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After Mensah Decision, Protesters Take To The Freeway And Milwaukee, Wauwatosa Streets

Chuck Quirmbach
Marchers pause Wednesday night at 75th Street and North Avenue in Wauwatosa

Black Lives Matter protesters were disappointed with Wednesday’s decision by Milwaukee County District Attorney John Chisholm to not file criminal charges against Wauwatosa Police Officer Joseph Mensah. Chisholm had reviewed Mensah's fatal shooting of a Black teenager, Alvin Cole, outside Mayfair Mall in February. The protests that followed Wednesday’s announcement were mostly peaceful, with some exceptions.

More than 100 demonstrators stood in the middle of State Street outside the Milwaukee County Safety Building after Chisholm's finding was announced and began to chant Cole's name.

READ: No Charges For Wauwatosa Officer In Killing Of Black Teen

The group quickly left and headed south. Turns out, they were going to the Interstate 94 westbound ramp at 7th and Clybourn streets. Many of the protesters walked onto the freeway. But John McHugh says police knocked him off his bicycle and stopped him from going onto I-94. In a brief interview with reporters, McHugh defended the civil disobedience efforts of the others.

"We've got legal teams fighting for this, we're taking all the proper channels and stuff. But even with those, the families — their cries, their demands — are not being heard. Police aren't being held accountable. I think at that point, when you're up against a wall, people feel they have no other choice. Civil disobedience, since the time of the Revolutionary War, it's a very American thing to do,” McHugh said.

Credit Chuck Quirmbach
After marchers went on I-94 westbound, some motorists behind them were allowed to exit via the 7th Street on-ramp.

After marching on the freeway, the protesters wound through Milwaukee's west side, before finally entering Wauwatosa at about 8 p.m. The suburb had put on a 7 p.m. curfew. But police didn't try to block the marchers until they reached 76th Street, just outside Wauwatosa City Hall.

Credit Chuck Quirmbach
Law enforcement prepares to keep the protesters away from Wauwatosa City Hall.

Law enforcement focused on protecting the building and let the demonstrators go around them. A few of the drivers in the protesters' caravan even drove on the lawn of Longfellow Middle School, to keep going west.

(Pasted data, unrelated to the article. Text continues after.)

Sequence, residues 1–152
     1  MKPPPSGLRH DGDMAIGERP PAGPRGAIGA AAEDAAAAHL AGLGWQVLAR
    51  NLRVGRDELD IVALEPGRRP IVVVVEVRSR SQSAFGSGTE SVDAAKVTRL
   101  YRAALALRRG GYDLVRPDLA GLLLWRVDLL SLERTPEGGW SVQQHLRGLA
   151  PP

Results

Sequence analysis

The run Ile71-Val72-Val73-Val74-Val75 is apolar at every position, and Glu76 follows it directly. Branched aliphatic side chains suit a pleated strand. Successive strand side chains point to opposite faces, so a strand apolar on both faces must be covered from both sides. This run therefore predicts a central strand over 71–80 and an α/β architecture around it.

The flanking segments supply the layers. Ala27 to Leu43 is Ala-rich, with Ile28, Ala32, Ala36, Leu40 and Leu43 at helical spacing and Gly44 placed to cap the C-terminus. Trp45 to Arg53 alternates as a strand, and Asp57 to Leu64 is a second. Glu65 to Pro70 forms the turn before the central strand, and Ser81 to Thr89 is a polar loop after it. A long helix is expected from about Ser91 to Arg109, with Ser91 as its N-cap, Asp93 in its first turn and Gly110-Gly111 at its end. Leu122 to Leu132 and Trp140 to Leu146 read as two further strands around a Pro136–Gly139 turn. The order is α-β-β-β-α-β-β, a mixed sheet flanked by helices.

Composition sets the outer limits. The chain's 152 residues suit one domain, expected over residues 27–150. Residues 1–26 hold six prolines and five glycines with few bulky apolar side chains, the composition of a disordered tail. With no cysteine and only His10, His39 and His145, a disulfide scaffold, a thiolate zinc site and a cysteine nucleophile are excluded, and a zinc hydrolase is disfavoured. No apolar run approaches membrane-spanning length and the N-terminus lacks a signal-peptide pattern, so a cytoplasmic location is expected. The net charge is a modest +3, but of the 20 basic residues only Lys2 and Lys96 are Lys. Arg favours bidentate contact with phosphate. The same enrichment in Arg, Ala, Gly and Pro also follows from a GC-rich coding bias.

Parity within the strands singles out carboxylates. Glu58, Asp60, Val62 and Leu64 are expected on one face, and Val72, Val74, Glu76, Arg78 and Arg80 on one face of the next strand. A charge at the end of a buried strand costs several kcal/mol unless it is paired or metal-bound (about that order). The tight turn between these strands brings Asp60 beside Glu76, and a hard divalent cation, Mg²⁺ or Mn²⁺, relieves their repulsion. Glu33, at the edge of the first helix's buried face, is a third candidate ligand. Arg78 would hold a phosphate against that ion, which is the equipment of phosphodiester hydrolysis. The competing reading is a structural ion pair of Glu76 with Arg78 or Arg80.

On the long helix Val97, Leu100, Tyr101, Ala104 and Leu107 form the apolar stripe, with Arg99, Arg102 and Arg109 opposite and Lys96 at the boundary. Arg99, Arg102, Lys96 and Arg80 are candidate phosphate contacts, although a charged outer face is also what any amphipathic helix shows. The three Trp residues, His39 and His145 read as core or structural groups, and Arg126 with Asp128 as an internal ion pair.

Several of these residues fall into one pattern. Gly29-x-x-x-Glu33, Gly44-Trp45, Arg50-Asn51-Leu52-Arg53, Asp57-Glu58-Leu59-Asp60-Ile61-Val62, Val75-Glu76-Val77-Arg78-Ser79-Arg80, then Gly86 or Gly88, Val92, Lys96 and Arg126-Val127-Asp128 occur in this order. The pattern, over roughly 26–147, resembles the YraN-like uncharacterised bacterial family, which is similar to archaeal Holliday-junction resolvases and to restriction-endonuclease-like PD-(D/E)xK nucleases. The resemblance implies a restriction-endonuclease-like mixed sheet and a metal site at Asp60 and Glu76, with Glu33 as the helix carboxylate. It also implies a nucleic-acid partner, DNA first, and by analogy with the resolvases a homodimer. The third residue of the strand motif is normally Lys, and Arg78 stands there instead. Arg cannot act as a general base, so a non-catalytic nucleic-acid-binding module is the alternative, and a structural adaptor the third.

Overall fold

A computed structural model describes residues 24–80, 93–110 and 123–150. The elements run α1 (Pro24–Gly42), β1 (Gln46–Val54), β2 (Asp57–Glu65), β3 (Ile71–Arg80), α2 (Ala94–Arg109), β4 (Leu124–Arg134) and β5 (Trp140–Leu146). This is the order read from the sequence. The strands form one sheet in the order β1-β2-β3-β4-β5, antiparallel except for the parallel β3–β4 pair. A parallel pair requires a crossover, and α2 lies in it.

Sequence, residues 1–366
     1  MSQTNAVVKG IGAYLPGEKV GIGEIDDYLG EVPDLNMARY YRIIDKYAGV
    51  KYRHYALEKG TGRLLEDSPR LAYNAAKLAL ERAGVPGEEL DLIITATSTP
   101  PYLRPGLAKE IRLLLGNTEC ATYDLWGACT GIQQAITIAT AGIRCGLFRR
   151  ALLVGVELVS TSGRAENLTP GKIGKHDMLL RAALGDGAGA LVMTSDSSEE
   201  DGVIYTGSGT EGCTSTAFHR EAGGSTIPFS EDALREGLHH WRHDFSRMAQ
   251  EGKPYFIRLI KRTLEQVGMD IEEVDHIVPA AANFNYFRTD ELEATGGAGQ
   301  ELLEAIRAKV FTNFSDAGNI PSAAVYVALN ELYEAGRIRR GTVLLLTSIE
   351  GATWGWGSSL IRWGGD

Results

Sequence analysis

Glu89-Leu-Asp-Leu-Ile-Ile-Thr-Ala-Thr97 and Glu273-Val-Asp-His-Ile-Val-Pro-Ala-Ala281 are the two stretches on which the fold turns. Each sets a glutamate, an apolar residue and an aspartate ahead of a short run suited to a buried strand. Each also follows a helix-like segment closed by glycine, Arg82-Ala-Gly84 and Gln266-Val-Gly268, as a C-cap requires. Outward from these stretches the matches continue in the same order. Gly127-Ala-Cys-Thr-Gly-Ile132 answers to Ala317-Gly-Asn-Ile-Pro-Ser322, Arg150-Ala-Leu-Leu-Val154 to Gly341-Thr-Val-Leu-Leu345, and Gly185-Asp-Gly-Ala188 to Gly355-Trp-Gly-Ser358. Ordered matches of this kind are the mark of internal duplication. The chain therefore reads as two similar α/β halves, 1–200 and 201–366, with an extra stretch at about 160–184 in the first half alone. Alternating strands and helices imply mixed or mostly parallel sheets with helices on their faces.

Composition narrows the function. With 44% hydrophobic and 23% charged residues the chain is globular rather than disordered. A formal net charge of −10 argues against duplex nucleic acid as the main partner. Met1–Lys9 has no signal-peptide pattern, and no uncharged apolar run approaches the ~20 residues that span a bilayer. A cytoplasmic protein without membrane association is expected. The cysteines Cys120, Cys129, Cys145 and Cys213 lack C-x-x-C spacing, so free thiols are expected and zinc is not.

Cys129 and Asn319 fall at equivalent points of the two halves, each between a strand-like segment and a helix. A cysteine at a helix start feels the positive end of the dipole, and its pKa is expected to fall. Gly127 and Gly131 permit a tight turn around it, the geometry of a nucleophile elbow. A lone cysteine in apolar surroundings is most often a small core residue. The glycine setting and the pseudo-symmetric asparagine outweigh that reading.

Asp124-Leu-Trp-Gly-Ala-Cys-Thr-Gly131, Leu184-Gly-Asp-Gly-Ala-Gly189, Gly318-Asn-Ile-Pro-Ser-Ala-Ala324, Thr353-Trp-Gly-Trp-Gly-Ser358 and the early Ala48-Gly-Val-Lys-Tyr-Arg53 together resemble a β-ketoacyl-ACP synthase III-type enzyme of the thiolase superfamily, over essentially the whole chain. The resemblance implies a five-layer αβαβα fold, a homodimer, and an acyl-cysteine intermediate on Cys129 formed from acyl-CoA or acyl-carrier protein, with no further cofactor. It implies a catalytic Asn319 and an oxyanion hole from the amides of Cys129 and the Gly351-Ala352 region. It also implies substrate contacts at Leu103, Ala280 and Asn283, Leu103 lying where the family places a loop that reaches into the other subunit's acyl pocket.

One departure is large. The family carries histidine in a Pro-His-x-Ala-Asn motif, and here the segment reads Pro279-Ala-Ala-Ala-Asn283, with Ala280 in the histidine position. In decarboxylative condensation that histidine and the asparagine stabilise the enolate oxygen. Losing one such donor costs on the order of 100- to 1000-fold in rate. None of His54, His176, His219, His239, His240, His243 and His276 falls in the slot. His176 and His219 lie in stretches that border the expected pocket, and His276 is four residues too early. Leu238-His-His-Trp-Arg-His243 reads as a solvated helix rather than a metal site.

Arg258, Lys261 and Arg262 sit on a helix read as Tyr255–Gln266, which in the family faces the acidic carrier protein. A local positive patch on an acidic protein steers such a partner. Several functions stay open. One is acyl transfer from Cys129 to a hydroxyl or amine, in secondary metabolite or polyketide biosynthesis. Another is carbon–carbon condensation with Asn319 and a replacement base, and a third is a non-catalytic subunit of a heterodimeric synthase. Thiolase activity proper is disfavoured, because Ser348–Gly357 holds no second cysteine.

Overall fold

A Black woman who refused to give her name said marching to support the Cole family was an easy move. "Sure, why not. Your life’s important, right?" she said.

Credit Chuck Quirmbach
One of the stores with a broken window, near the intersection of North Avenue and Swan Boulevard in Wauwatosa.

But about a dozen blocks later, the protesters smashed windows of several shops at North Avenue and Swan Boulevard. Other windows were smashed later on Center and Burleigh streets. At least twice, law enforcement fired tear gas at the marchers. There appeared to be shoplifting at a Milwaukee gas station on 92nd Street.

During the evening, WUWM's Maayan Silver spoke with District Attorney Chisholm by phone and asked him about the protests.

"You know, everybody has the absolute right to disagree with my decisions. In fact, as a prosecutor, somebody always disagrees with your decisions,” Chisholm said, adding he hoped the protests were peaceful.

The marchers tried to reach the parking lot of Mayfair Mall where Cole died, and perhaps were also heading to the Wauwatosa Police Station on 116th Street. But at least three times, law enforcement, including the Wisconsin National Guard, successfully turned back the marchers at bridges over the Menomonee River. 

Credit Chuck Quirmbach
Boards replace broken windows at Miss Molly's Cafe & Pastry Shop.

At about midnight, the marchers and their caravan headed east back into Milwaukee. That left the board-up work to begin at the businesses with broken windows, including Miss Molly’s Café and Pastry Shop at 92nd and Center streets.

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